Spotify is falling behind on lyrics and voice

Spotify’s lack of full lyrics support and its minimal attention to voice are beginning to become problems for the streaming service. The company has been so focused on the development of its personalization technology and programming its playlists, it has overlooked key features that its competitors – including Apple, Google, and Amazon – today offer and are now capitalizing on. For example, in the updated version of Apple Music rolling out this fall with iOS 12, users won’t just have access to lyrics in the app as before, they will also be able to perform searches by lyrics instead of only by the artist, album, or song title. And Apple Music is actually playing catch up with Amazon on this front. Amazon Music, which has quietly grown to become the third largest music streaming service, allows users to view the lyrics as songs play, and ties that to
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Grabb-It wants to turn your car’s window into a trippy video billboard

It reminds me of something out of Blade Runner. Maybe it’s because it looks a bit futuristic – a bit unreal. Maybe it’s because I’m looking at an ad somewhere I never expected to see one, like the skyscraper-height ads of Ridley Scott’s future. Grabb-It turns a car’s side rear window into a full color display, playing location-aware ads to anyone who might be standing curbside. They’re currently aiming to work with rideshare/delivery drivers, enabling them to make a bit of extra coin while doing the driving they’re already doing. As the driver crosses town, the ads can automatically switch to focus on businesses nearby. Near the ball park? It might pitch you on tickets for tonight’s game. Over in The Mission? It could play an ad about happy hour at the bar behind you. So how’s it work? I couldn’t figure it out at first glance – but once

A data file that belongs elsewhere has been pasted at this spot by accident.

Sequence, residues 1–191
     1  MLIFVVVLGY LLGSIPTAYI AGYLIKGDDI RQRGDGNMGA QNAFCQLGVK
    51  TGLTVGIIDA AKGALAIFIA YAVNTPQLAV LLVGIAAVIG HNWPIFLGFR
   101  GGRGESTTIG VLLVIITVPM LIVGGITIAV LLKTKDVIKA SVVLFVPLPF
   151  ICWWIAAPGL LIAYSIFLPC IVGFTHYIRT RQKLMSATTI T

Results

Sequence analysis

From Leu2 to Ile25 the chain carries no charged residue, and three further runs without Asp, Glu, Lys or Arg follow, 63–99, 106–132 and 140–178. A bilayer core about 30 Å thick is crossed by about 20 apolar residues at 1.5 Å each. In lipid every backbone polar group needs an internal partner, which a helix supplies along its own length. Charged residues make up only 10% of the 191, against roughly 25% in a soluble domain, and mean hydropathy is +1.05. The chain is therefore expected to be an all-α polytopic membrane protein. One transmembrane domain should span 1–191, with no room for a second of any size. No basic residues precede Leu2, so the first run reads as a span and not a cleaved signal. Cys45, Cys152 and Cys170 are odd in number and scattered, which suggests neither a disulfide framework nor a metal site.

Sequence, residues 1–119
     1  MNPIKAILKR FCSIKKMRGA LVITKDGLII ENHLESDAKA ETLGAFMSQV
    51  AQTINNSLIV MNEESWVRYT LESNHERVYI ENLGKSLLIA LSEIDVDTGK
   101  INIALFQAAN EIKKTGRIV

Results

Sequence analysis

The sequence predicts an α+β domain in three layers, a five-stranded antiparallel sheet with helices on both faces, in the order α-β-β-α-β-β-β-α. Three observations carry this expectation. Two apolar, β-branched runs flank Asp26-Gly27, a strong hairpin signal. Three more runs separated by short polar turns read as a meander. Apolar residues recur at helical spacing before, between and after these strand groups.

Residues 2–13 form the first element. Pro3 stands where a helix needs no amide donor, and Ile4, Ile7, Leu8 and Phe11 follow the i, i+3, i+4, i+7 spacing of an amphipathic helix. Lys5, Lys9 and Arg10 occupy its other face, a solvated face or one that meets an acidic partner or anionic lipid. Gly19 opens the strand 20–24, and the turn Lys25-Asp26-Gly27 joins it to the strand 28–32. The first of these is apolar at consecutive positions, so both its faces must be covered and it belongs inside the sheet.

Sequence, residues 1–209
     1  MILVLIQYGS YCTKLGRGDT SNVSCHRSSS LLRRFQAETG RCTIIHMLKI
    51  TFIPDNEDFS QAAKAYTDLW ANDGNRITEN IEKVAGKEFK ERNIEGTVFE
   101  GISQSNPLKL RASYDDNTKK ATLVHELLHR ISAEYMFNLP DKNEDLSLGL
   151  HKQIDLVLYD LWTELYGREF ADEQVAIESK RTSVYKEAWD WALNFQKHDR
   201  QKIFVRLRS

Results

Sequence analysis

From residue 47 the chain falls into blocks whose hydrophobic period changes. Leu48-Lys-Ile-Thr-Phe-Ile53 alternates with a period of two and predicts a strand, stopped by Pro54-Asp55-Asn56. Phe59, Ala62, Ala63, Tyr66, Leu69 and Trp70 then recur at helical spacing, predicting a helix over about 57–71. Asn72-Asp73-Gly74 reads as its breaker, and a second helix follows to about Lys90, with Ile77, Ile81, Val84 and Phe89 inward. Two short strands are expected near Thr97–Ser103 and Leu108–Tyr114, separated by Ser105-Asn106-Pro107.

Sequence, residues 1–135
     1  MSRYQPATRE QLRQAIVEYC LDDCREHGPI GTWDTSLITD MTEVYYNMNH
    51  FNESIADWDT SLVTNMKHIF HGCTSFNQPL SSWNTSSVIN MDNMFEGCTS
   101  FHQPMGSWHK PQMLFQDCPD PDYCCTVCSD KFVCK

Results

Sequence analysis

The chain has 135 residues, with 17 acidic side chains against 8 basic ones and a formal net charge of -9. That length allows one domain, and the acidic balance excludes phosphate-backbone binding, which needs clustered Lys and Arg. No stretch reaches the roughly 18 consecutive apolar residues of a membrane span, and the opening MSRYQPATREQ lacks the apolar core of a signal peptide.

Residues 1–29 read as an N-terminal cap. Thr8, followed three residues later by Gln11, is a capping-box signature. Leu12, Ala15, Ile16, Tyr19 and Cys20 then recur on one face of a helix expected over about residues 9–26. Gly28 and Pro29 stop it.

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Turkish President Erdogan calls for boycott of US tech

Yesterday, Turkish President Recep Tayyip Erdogan called for a boycott of all U.S. technology during a speech in the country’s capital city of Ankara. “Every product that we buy in foreign currency from outside, we will produce them here and sell abroad,” said Erdogan during the speech. “We will boycott the electronics products of the U.S.” Erdogan continued to suggest that for every Apple iPhone Turkish citizens could use a Korean Samsung phone instead — an ironic statement given the importance the iPhone had in helping him quell a military coup in the country in 2016 that sought to remove him from power. In what became a swiftly ended (though still deadly with over 200 casualties) coup, Erdogan used FaceTime to call his supporters to the streets. This announcement follows a tense week in Turkey where the country’s currency, the lira, fell more than 25 percent according to The New
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LinkedIn to relaunch Groups in the flagship app as it looks to reverse ‘ghost town’ image

LinkedIn, the Microsoft-owned social networking platform for the working world with over 500 million users, is making a significant change as it continues to look for ways to make its platform more useful (and used). The company is relaunching Groups by rolling it into its main app by the end of the month after quietly pulling the standalone app earlier this year, and it will be streamlining the service by cutting out several features, including an ability for Group administrators to pre-moderate comments; and a way to email send Group posts as emails to the whole group, while also adding in new features like threaded replies and the ability to post video and other media. An announcement detailing the changes was sent out to a select Groups power users earlier today, and we have confirmed the details with LinkedIn directly. Mitali Pattnaik, the product manager for Groups, said
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Holding the Door Open Is Not That Hard